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Finally Peru has a new environmental law. But how far will it address the huge legacy of toxic minew

Published by MAC on 2005-10-14

Finally Peru has a new environmental law. But how far will it address the huge legacy of toxic minewastes or prevent them recurring?

Full text (spanish only) - Texto completo de la ley - PDF FILE - 280 KB

Debatable Law of the Environment in Perú

By Alberto García M., Diario La Republica, Peru

October 14, 2005

The Peruvian Congress approved yesterday (73 votes in favor) the text of the General Law of the Environment. The result, after seven hours of prolonged debate, is a Law of the Environment which, according to some congresspersons, is too soft on private companies. In Article 147 of the text proposed by the Comission of Ecology and Environment, the burden of proof in cases of complaints of environmental damages should fall onprivate companies accused of the contamination. But, in the end, this article was not approved.

"How many more Majazes do we want in Perú? So many times the violence is a result of a lack of vision on the part of those who have the power to decide," said the congressperson Henry Pearse, in the strongest moments of the debate. However, congressperson Carlos Ferrero labeled protests against the mining companies as having been manipulated by NGOs and led by groups of the extreme Left. Later, congressperson Javier Diez Canseco spoke out against the continued presence of mining companies in the parliamentary debates on the issue.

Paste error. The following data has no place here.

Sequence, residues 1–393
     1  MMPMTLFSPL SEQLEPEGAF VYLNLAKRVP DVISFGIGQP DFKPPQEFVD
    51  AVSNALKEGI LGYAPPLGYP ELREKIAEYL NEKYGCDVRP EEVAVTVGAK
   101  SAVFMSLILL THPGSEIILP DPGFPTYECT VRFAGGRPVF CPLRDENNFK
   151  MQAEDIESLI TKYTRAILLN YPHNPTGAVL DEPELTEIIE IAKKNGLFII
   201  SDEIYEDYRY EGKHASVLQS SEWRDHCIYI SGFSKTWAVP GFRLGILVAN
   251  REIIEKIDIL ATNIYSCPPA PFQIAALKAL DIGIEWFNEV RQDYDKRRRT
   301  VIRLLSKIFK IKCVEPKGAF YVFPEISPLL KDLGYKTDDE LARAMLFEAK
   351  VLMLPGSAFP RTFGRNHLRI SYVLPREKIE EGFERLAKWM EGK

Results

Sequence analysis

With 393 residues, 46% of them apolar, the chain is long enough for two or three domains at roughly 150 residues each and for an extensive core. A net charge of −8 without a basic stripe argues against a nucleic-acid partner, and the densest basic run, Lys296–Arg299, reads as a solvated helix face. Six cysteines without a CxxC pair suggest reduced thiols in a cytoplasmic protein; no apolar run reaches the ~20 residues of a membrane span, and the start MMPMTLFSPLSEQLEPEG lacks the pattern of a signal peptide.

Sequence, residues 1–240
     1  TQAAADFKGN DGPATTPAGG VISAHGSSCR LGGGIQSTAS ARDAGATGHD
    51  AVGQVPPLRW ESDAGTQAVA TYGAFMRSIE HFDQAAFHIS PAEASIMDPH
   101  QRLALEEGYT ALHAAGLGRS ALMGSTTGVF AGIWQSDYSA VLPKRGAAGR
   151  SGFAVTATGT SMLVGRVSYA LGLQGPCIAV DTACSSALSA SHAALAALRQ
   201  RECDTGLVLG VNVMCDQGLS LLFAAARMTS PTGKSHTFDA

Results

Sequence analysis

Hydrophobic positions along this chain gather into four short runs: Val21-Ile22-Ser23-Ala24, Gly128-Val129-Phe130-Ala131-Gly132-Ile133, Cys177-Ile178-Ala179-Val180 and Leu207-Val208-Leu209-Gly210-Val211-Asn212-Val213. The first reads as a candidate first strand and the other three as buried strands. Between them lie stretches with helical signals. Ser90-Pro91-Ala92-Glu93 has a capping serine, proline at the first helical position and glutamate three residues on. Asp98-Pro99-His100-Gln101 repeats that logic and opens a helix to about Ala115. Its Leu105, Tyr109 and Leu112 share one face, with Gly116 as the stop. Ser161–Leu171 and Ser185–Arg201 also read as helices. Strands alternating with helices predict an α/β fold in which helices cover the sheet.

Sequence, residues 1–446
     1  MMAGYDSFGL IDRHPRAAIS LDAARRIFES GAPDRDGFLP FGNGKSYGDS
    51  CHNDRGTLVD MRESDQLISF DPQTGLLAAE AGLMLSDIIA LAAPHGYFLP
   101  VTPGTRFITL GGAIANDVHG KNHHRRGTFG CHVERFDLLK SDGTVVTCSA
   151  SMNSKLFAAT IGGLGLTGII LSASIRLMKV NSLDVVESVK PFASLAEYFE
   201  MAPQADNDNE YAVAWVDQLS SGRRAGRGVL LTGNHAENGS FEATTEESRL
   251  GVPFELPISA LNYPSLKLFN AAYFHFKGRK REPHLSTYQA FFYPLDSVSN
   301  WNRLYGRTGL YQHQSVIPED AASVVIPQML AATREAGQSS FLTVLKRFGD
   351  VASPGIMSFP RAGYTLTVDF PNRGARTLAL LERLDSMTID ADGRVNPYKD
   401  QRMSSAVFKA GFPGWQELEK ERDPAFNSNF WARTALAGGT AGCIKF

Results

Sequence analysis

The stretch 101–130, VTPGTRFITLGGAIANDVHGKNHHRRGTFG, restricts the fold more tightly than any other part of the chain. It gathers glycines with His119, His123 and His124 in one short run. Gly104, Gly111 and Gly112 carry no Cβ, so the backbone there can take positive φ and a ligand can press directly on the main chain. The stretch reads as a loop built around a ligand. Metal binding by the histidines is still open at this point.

CONACAMI national leader Mario Palacios said he was indignant at the decision of Congress regarding the article of the Law of the Environment. "As it has been approved, the law is incomplete, and is a step backwards. We are sorry to say that Congress has put the interests of the companies first in making this decision," he said.

At least 24 hours after the parliamentary debate it became known that the president of the Comission of Environment and Ecology of the Congress, Walter Alejos, had recieved an unexpected visit from Hals Howard, member of the Economic Council of the United States Embassy in Perú. Congressional sources say that the American official asked to enter the legislative building through the back doors, and that the meeting lasted for over an hour.

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